In the summer of 1921, the hormone kept alive Marjorie, a dog whose pancreas had been removed, and in January 1922, it saved the first patient, 14-year-old Leonard Thompson.
Human insulin was the first drug produced using recombinant DNA technology. From shocking new biotechnology circa 1982, human insulin is today an item easily picked up at a drug store. But effectively using human insulin requires frequent monitoring and timing of injections, and even the most careful schedule sometimes can’t prevent long-term effects of uncontrolled blood glucose levels.
The prototype insulin pump dates to 1963; a wearable form came a decade later. Many people use pumps today to provide insulin in a manner more like a pancreas.
Thousands of islet transplants — the cell clusters that i Continue reading

Diane Abbott reveals she has type 2 diabetes

Diane Abbott reveals she has type 2 diabetes

Diane Abbott has revealed she has Type 2 diabetes and that the condition is what forced her to take a break from the election campaign.
The shadow home secretary told the Guardian she was diagnosed with the condition two years ago and it was "out of control" during the campaign, when she gave some faltering performances.
"During the election campaign, everything went crazy," she said.
She said she was managing the condition and was ready to get back to work.
Type 2 diabetes is a long-term condition that causes a person's blood sugar level to become too high.
It can be controlled by taking medication to reduce glucose to normal levels and also by making lifestyle and dietary changes.
Police figures
Ms Abbott was criticised for her performance during the election campaign, in which she stumbled several times during interviews and appeared unable to give detailed answers to questions.
In one interview with LBC Radio, she mistakenly said plans to boost police numbers by 10,000 would cost £300,000. It led to a barrage of criticism from the Conservatives who said she could not "add up".
She pulled out of an interview on BBC's Woman's Hour with just a few minutes' notice amid unconfirmed reports that some within the party leadership had lost confidence in her.
Just 48 hours before polling day, Labour said Ms Abbott was taking a period of sick leave and would be replaced "indefinitely" by Lyn Brown.
'Vicious'
Ms Abbott, a key ally and friend of Jeremy Corbyn, said she was badly affected after facing six or seven interviews in a row without eating enough food - vital to managing bl Continue reading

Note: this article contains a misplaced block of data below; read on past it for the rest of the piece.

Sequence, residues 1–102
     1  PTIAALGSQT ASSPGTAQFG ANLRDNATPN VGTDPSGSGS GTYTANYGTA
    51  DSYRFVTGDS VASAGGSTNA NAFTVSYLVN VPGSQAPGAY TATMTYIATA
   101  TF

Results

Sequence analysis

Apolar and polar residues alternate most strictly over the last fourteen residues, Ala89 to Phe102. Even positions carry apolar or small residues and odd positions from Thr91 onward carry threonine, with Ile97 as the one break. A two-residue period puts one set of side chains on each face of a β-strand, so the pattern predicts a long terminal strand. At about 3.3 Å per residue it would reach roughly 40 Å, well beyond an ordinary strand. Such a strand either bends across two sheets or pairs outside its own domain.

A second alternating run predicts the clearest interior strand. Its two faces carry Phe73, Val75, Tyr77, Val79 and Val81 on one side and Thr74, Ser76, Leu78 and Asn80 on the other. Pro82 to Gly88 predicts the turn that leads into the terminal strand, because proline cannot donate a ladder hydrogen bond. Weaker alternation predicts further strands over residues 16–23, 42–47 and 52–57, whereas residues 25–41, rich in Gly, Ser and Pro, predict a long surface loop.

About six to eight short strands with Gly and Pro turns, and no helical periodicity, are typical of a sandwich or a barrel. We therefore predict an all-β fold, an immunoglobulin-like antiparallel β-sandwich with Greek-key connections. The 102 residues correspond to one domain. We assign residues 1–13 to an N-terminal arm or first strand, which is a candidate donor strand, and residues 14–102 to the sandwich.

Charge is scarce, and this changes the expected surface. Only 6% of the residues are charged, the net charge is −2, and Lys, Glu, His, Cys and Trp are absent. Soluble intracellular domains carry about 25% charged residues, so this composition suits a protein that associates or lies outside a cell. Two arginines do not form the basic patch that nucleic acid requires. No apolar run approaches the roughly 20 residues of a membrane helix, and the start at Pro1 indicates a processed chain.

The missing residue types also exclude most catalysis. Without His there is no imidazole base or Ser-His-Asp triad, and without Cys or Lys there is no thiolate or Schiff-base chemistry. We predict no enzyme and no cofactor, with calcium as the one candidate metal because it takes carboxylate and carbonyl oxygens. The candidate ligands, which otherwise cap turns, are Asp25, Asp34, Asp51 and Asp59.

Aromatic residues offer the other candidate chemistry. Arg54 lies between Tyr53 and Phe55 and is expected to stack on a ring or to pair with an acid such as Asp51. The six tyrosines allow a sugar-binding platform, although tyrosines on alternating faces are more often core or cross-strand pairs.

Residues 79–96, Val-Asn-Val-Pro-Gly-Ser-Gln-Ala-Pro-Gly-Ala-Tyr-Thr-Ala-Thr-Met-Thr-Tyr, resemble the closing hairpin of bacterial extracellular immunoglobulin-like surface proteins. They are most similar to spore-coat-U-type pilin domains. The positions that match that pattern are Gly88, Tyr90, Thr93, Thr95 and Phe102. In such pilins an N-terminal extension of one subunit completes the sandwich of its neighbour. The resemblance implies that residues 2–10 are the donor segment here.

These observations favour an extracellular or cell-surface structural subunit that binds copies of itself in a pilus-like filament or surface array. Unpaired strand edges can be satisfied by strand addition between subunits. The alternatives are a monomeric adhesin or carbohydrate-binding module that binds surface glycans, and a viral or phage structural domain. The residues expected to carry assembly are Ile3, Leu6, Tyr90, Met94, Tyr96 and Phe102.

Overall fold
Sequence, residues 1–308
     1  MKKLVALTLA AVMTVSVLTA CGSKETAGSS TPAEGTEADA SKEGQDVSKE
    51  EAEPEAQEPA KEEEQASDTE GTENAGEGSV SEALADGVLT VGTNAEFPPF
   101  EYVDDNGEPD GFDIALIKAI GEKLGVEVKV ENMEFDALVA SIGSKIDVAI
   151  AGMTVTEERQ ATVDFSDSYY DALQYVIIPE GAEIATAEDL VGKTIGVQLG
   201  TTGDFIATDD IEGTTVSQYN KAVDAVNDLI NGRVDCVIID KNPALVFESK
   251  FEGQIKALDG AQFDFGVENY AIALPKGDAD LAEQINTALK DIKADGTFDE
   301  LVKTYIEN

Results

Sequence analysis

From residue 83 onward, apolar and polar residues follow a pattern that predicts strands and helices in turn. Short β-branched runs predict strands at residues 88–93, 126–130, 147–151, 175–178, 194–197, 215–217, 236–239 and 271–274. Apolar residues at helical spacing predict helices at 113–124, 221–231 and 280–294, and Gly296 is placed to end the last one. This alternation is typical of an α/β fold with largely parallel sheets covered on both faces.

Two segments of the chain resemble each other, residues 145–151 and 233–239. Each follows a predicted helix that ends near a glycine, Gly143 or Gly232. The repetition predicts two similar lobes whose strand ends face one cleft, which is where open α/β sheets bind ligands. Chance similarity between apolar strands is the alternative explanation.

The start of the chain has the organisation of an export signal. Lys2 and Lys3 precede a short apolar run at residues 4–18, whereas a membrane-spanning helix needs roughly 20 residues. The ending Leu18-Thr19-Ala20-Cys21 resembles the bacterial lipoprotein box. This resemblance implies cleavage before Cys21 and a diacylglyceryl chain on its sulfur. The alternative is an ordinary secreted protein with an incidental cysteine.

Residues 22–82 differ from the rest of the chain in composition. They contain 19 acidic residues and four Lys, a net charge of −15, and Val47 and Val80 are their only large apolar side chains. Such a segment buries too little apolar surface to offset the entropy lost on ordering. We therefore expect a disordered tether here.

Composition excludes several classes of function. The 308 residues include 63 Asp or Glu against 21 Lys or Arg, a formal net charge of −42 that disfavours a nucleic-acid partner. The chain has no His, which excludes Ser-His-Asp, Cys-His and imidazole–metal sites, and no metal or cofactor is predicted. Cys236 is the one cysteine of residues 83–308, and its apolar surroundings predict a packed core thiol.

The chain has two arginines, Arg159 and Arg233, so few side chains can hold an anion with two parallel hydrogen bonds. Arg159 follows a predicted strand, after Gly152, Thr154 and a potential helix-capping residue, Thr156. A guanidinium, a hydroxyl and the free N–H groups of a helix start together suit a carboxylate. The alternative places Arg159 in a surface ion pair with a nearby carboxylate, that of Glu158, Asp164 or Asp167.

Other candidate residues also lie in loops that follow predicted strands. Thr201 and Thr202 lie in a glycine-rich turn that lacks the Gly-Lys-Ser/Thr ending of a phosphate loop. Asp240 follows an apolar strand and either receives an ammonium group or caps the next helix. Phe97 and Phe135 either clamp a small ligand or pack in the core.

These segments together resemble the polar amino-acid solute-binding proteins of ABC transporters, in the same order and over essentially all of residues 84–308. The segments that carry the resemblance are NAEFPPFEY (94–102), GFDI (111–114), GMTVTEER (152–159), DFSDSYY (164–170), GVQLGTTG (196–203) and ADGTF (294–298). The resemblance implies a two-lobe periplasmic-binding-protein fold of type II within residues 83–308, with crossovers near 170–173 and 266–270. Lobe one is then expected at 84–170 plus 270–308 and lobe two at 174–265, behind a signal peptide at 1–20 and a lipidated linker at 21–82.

Scientists Move One Step Closer To “Curing” Diabetes Using First-Ever Stem Cell Implant

Scientists Move One Step Closer To “Curing” Diabetes Using First-Ever Stem Cell Implant

Clinical trials have begun for ViaCyte's PEC-Direct, an implant that grows insulin-producing cells from stem cells to treat type 1 diabetes patients. If successful, the implant could eliminate the need for these patients to inject themselves with insulin.
No More Injections
The World Health Organization reports that more than 422 million people worldwide are living with diabetes, a condition that can take two forms. In the first, the body’s immune system attacks cells in the pancreas, preventing the organ from producing enough insulin [type 1 diabetes (T1D)]. In the second, the body doesn’t know how to use the insulin that is produced [type 2 diabetes (TD2)].
T1D accounts for roughly 10 percent of diabetes cases, and unlike T2D, which can often be reversed through lifestyle changes such as weight loss or increased exercise, scientists have yet to figure out how to prevent or cure T1D.
Right now, T1D is best managed by balancing insulin doses, but this method can be problematic in high-risk cases, taking time to act. Moreover, patients with hypoglycemia (low glucose) unawareness may not notice when their blood sugar drops dangerously low. Thankfully, researchers all over the world are hard at work looking for a cure that will free T1D patients from their dependence on insulin injections and from risky situations when their levels drop low.
Now, one group may have found such a cure.
Just last week, California-based company ViaCyte began trials involving two T1D patients who were implanted with the company’s PEC-Direct device.
Each of these credit card-sized implants car Continue reading